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Wednesday, July 18, 2012

Toast of the Town: Josey Baker's Bread Is Back

Posted By on Wed, Jul 18, 2012 at 2:05 PM

click to enlarge Josey Baker's sunflower-pumpkin-flax-sourdough toast. - ANNA ROTH
  • Anna Roth
  • Josey Baker's sunflower-pumpkin-flax-sourdough toast.

It may be hard to believe, but Josey Baker is an artisan of toast, that insert-bread-into-slot standby that even 5-year-olds can handle. Every detail is lovingly attended to, from heating up the toaster to carefully spreading almond butter on every corner of the bread, and by the time he finishes up with a theatrical flourish of salt it seems (almost) a shame to eat the masterpiece.

Baker debuted his signature toasts today at The Mill, his still-under-construction collaboration with Four Barrel on Divisadero. The bakery/coffee shop won't officially open until September, but the crew has set up a makeshift tent café in the active construction site. A saw whined in the background as Baker cut a healthy slice of this morning's sunflower-pumpkin-flax-sourdough bread and held his hand over the toaster to see if it had reached the optimal temperature.

Though Baker subscribes to the philosophy that good bread should speak for itself, it took him a while to master the particular properties of toast. "Each type of bread, to be its highest form of itself, requires a little bit of a different treatment," he says. Dense, dark rye breads need to be cut thinner than airy sourdough, for example. The toaster also plays a role. "It took me some tweaking to realize the benefits of preheating the toaster a little bit so you can get the outside crisped up before you start to dry out the inside," he says.

The results of his tweaking put everything I knew as toast to shame; it made me realize how good a slice of toast could be. The bread's exterior was perfectly crisped, a little darker around the edges, and the inside was soft enough to have a nice amount of chew. The flavor changes in your mouth: a hit of sourdough tang, a whisper of pumpkin sweetness, a crunch of sunflower seeds. Topped with Baker's homemade almond butter, Sonoma butter, and a sprinkle of salt, it would made for a supremely satisfying breakfast or mid-morning snack.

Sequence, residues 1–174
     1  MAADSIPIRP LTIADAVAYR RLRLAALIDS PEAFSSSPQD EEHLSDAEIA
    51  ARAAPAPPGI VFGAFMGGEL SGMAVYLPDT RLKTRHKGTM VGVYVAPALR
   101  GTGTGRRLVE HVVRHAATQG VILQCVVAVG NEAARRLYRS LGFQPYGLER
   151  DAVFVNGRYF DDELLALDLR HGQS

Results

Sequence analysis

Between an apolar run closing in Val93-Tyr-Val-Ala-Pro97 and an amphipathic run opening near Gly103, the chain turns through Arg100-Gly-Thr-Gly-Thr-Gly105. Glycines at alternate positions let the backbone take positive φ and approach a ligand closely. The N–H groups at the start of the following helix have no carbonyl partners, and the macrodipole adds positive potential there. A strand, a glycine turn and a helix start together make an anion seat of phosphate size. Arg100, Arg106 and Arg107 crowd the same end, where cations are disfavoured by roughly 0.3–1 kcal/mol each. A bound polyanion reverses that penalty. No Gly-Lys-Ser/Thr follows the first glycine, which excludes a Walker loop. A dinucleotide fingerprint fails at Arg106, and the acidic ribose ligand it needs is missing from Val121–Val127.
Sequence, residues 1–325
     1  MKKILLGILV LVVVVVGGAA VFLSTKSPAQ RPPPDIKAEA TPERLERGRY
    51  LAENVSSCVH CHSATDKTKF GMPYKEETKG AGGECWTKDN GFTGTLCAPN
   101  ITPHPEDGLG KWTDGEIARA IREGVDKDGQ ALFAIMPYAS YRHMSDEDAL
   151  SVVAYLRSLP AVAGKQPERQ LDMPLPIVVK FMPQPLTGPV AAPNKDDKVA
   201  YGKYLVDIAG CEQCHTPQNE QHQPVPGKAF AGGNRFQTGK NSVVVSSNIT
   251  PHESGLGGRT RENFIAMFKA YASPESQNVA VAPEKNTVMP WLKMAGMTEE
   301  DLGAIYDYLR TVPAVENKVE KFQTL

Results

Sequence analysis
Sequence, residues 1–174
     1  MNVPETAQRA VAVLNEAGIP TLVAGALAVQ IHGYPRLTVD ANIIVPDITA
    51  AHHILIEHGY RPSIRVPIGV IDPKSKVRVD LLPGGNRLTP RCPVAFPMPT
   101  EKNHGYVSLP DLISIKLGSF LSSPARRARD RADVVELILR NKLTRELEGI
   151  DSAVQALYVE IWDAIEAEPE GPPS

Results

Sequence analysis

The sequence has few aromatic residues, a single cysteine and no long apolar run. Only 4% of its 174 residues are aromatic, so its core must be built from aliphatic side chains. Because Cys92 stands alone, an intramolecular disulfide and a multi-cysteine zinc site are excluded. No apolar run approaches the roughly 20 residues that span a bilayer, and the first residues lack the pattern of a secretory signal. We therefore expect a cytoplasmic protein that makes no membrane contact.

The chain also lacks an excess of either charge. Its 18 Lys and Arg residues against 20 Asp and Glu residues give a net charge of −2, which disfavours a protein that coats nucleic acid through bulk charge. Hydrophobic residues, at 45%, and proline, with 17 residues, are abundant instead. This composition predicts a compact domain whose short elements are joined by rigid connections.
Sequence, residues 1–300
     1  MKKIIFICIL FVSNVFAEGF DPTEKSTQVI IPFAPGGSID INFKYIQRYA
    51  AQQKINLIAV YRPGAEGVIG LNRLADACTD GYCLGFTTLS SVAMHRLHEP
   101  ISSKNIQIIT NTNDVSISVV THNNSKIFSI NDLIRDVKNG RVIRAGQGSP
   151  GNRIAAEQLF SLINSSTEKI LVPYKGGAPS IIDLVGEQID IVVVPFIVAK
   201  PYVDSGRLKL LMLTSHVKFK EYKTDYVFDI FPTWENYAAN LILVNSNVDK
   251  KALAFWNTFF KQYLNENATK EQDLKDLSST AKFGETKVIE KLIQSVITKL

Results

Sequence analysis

Baker doesn't have a schedule planned for his daily bread and toppings, but mentioned incorporating local jams, honey, fresh fruit, maybe some avocado. "We're going to keep it pretty simple, though", he says. "Just a couple different things on top and let the bread speak loudly." And when his flour mill is installed and fully operational (he plans to grind his own flour in-house), he's looking forward to experimenting with flours and grains to make bread exactly to his specifications.

This sort of single-minded dedication could become pretentious in a hurry, but the former teacher keeps a sense of perspective about the whole endeavor. "Probably a lot of people don't pay as close attention [as I do]," says Baker. "I mean, it is just toast."

Find Josey Baker in action at The Mill, 736 Divisadero (at Fulton), S.F. Hours: Wed.-Fri. 7 a.m. to 2 p.m., Sat.-Sun. 8 a.m. to 3 p.m.

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About The Author

Anna Roth

Anna Roth

Bio:
Anna Roth is SF Weekly's Food & Drink Editor and author of West Coast Road Eats: The Best Road Food From San Diego to the Canadian Border.

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